Tutors using technology to keep students up to date

By Maurice Garvey

REMOTE learning has become a vital go-to-model in third level education following the closure of colleges and institutions in Ireland due to the Covid-9 virus.

It is a distinct possibility that colleges will have to remain closed beyond the March 29 date announced last week by Taoiseach Leo Varadkar.

Cecilia Munro compressor

Cecilia Munro, Principal, BCFE

At Ballyfermot College of Further Education (BCFE), over 1,100 students, 125 staff and 200 part-time students, are trying to make the best out of a bad situation.

“All have some form of remote access,” according to Cecilia Munro, Principal, BCFE.

“It is very concerning. On March 6, we had a briefing, which included an audit, to see where you are at the end of the year, and a contingency in case of a shutdown. Nobody thought it would come so quick.”

Ms Munro says the remote access is co-ordinated by staff but admits they might be lacking infrastructure resources.

“The Department of Education have put a lot of resources into primary schools, but that is lacking a little bit in the further education sector. However, our staff are resourceful.”

Ms Munro says tutors are using technology like Trello, Google Docs, and Microsoft to keep students up to date where they can, but for teachers that are not as tech savvy, good old fashioned emails are used to communicate and keep students engaged in their studies.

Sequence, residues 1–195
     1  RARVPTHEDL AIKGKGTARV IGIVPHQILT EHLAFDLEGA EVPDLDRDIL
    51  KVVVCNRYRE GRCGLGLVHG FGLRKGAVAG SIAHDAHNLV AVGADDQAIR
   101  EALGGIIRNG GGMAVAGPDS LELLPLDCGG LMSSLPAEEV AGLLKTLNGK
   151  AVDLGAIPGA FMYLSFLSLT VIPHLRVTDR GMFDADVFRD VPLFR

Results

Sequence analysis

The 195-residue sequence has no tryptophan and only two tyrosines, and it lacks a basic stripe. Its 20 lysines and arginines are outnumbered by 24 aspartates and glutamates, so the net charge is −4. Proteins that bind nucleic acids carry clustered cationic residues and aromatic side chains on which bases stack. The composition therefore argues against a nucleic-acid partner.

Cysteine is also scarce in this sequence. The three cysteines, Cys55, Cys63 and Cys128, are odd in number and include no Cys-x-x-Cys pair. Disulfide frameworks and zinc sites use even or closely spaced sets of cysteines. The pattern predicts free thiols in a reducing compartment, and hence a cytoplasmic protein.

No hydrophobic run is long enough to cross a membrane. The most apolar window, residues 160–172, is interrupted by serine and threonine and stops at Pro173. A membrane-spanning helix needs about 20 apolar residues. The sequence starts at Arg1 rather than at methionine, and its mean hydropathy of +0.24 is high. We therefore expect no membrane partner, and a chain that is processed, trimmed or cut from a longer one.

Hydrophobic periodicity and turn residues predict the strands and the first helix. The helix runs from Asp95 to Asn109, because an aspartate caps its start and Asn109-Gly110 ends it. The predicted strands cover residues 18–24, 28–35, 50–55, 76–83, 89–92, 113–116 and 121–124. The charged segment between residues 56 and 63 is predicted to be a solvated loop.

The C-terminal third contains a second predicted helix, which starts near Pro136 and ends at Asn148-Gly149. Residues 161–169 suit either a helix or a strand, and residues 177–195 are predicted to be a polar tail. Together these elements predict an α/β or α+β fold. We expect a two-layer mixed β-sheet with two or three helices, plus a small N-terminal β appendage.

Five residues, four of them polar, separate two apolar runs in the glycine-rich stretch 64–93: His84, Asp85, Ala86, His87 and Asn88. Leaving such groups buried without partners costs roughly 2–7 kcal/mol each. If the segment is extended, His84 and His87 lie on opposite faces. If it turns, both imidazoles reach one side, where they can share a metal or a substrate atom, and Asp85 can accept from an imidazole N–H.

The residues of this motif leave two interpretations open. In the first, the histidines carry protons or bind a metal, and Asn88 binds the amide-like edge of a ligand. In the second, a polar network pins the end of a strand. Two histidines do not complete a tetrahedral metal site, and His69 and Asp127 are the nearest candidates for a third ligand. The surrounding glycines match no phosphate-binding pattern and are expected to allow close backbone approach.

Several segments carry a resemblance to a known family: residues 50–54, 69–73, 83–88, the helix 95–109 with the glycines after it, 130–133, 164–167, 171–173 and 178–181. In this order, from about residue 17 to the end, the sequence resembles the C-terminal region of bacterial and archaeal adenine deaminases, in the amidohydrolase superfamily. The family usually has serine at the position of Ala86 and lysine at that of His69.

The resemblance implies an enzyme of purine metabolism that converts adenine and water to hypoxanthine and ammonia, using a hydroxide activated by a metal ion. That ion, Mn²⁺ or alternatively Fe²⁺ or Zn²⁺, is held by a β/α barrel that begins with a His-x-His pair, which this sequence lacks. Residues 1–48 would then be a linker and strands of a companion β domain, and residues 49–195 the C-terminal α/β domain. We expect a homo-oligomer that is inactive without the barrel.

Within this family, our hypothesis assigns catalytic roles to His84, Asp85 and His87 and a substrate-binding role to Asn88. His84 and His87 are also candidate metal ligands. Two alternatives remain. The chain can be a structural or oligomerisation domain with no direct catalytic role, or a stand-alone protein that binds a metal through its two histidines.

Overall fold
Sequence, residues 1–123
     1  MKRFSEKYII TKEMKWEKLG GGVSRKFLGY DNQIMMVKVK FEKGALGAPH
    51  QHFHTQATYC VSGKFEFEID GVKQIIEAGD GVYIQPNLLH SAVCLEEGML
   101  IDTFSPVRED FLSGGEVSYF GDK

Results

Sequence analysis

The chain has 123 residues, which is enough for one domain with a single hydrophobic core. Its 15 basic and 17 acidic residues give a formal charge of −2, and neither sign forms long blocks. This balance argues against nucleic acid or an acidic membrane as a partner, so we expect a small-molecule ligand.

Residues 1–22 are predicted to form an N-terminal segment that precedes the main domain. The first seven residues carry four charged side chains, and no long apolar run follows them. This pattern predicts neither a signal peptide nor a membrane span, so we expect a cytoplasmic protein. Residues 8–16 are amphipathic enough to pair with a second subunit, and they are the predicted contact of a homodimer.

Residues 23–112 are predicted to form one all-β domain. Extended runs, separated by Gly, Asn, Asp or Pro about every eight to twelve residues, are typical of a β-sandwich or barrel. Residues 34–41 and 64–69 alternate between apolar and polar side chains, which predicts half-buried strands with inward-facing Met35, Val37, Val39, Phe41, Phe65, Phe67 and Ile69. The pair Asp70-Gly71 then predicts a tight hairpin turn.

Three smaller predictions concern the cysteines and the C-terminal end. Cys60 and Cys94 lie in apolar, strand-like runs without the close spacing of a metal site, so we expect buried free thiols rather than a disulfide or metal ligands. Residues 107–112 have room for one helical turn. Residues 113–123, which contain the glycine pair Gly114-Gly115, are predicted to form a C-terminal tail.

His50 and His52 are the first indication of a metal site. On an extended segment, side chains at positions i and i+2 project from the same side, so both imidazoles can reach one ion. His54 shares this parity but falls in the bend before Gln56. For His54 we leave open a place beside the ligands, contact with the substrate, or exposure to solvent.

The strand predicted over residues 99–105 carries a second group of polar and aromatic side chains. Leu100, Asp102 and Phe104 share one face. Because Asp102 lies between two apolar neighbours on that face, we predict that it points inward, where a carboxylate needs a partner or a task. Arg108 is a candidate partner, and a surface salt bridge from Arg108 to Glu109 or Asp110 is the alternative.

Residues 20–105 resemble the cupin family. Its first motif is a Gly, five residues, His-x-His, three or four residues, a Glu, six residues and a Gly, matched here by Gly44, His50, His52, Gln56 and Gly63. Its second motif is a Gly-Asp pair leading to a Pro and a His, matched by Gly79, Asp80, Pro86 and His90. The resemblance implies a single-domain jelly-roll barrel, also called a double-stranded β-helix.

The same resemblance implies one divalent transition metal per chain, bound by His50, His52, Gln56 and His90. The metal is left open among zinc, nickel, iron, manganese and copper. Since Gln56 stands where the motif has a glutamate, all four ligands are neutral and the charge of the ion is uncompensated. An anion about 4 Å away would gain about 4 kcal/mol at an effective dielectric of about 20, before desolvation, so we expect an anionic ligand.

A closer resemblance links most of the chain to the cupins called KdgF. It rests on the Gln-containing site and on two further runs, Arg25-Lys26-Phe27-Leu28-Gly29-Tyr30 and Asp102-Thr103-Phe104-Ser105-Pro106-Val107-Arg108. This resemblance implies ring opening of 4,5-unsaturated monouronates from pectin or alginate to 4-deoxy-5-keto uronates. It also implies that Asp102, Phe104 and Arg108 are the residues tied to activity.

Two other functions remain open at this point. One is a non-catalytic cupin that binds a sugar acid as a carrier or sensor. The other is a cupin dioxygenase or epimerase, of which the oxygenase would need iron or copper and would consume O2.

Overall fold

For students with underlying health issues, guidance counsellors were asked at a meeting on Wednesday, to make contact with them, and keep that connection in what is an extremely challenging time for educators.

“As of now, we are conducting a survey in terms of how we cope with end of year exams,” said Ms Munro.

“Our main primary focus is that students get the awards they are entitle to based on the work done and quality administered.

“We have concerns with the September start-up, a lot of our base comes from Leaving Cert students. We have no idea about the recruitment of Leaving Cert students in September, this could have a detrimental effect for the college and students.”

Irish colleges will take their cue from the Department of Education as to what may happen over the coming months.

“The academic calendar is a highly tuned machine but that is in danger of complete disarray,” said Munro, who is concerned that academic standards could slip.

Speaking to The Echo remotely from her home in Donabate, Ms Munro, who has a 12-year old son, said: “We made an agreement that we would do homework between 9am-11am, it is important to keep a routine,” she said.

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